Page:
Another core Madness payoff is Kitchen Imp which becomes a one-mana 2/2 with Flying and Haste when discarded. This is absurdly above-rate for the Pauper format and can wrack up damage rather quickly when not dealt with in a timely manner.

The last Madness payoff this deck has to offer outside of Sneaky Snacker is Alms of the Vein. Draining the opponent for three life is incredibly swingy, as was demonstrated by Siege Rhino in its glory days. The downside is that this card cannot be pointed at creatures, but when you’re trying to burn the opponent out, this isn’t a huge issue.

A quick reminder that the sorcery speed of Alms of the Vein may be a bit misleading. Madness gets cast whenever you discard the card, which does let you use Alms of the Vein at instant speed. That said, if you need to cast this without Madness, you will need to do so as a Sorcery.

Finally, this deck is filled out with a playset of Galvanic Blast and Lightning Bolt. As premier options in any format, they’re legal in these cards complete the burn plan.

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Sideboard Plan

It’s clear that Filippo Pezza came prepared to fight a multitude of the breakout strategies at this massive 600+ player Paupergeddon event. Trespasser’s Curse shows that.

Thanks to another Modern Horizons 3 common, Pauper got a sort of Splinter Twin combo added to the format. Basking Broodscale and Sadistic Glee create an infinitely large Eldrazi Lizard, but it does so by creating an infinite amount of Eldrazi Spawn. Trespasser’s Curse stops that combo in its tracks by draining the opponent for one life each time a creature enters the battlefield. Considering that you’re a burn deck, they should not have enough life to amass a lethal Lizard.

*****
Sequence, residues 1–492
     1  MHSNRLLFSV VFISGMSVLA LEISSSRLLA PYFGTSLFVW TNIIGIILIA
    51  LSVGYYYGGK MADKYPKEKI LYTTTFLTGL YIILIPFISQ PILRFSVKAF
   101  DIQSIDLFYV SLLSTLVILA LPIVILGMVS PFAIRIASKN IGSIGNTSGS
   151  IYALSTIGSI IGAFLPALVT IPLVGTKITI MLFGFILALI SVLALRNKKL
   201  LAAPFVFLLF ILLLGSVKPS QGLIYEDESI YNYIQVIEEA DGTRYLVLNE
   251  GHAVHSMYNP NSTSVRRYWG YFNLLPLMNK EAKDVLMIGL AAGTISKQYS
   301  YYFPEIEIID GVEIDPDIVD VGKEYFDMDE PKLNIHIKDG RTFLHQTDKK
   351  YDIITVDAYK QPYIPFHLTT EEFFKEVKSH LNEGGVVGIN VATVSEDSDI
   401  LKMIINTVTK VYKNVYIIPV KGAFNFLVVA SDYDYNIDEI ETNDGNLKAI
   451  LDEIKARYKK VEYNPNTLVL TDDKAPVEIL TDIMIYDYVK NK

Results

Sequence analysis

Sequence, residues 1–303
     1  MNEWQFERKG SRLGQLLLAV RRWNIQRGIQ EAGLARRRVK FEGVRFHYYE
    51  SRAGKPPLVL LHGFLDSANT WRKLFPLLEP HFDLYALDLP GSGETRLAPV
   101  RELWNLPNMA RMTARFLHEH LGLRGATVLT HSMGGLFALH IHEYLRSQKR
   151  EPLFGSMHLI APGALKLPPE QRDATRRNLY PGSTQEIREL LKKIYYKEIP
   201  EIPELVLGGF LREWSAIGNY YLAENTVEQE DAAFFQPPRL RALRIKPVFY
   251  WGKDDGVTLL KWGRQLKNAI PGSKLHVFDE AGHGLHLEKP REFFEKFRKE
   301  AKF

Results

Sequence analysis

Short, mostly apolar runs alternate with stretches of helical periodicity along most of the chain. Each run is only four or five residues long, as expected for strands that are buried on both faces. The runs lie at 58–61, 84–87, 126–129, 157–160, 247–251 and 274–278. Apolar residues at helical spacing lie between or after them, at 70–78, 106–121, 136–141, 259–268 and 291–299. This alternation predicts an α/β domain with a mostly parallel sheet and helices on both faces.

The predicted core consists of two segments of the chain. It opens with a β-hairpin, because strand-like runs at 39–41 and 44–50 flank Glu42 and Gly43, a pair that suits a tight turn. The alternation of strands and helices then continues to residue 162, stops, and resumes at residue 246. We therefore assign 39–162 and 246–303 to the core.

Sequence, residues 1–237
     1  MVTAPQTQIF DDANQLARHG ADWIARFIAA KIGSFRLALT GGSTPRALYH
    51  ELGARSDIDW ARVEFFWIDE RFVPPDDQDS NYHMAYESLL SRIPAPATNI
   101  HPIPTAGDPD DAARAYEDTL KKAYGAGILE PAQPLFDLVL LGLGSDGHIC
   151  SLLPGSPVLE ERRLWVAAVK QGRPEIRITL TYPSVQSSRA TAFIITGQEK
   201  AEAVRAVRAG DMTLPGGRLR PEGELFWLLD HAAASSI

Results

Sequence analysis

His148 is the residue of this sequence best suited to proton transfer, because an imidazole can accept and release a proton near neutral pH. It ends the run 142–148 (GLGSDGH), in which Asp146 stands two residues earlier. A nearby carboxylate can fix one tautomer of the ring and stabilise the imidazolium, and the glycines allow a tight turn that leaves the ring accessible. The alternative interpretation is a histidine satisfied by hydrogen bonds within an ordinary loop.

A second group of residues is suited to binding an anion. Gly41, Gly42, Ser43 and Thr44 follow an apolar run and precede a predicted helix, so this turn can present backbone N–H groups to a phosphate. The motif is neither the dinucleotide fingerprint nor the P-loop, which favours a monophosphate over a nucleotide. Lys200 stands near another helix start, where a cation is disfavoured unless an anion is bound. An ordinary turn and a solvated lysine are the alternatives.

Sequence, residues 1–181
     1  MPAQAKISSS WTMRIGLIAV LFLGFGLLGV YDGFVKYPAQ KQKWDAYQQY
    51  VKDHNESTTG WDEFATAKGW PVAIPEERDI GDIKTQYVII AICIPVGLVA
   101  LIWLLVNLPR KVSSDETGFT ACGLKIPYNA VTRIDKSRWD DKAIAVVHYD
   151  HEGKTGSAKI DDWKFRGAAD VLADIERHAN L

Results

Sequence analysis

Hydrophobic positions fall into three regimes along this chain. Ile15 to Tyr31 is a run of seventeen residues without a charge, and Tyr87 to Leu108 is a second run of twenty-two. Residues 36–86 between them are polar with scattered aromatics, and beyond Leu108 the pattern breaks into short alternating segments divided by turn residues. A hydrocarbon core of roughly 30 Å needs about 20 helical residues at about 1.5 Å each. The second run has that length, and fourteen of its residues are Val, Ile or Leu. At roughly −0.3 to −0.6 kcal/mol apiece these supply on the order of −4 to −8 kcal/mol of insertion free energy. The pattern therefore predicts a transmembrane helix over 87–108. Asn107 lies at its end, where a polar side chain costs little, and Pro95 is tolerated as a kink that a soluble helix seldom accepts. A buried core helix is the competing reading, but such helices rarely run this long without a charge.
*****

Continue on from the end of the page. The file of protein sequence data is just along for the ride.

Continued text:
Trespasser’s Curse also happens to be lights out against Goblin Combo, another deck that top-eighted the Paupergeddon event. This deck wants to use First Day of Class to take advantage of the Persist effect found on Putrid Goblin. Since that deck also wins by sacrificing the goblin and having it enter the battlefield repetitively, Trespasser’s Curse can throw a wrench in that plan as well.

Otherwise, Affinity is always a major threat in the Pauper format, especially with the addition of Refurbished Familar from Modern Horizons 3. For that reason, Pezza came prepared with four copies of Smash to Smithereens and two copies of Gorilla Shaman.

Nihil Spellbomb is there to stop any graveyard strategies from getting out of hand, which also puts a wrench in Goblin Combo, and can stop Sneaky Snacker from coming back for seconds.

Finally, Contaminated Ground combats Utopia Sprawl decks in a unique way. Causing it to fall off Forests and screwing up Arbor Elf similarly, this is a decent tool against Ponza. Considering that deck placed second at the Paupergeddon event, powered up by the Mythic draft Common Writhing Chrysalis, packing three of these was a good choice.

Sneakily Snacking on the Competition

With two copies of Madness Burn in the top eight, Sneaky Snacker appears to be eating well in the Pauper format. Burn strategies have always been incredibly prevalent in the format, and Sneaky Snacker gives the deck a lot of grind potential, as well as some inevitability. If you’re unable to close the game decisively, these pesky Faeries will eventually catch up to you.

Is this going to become a problem in the Pauper format? Only time will tell. One thing is for certain, however. Following these events, many agree that banning Cranial Ram preemptively was the right call. Even without it, Grixis Affinity had a decent turnout.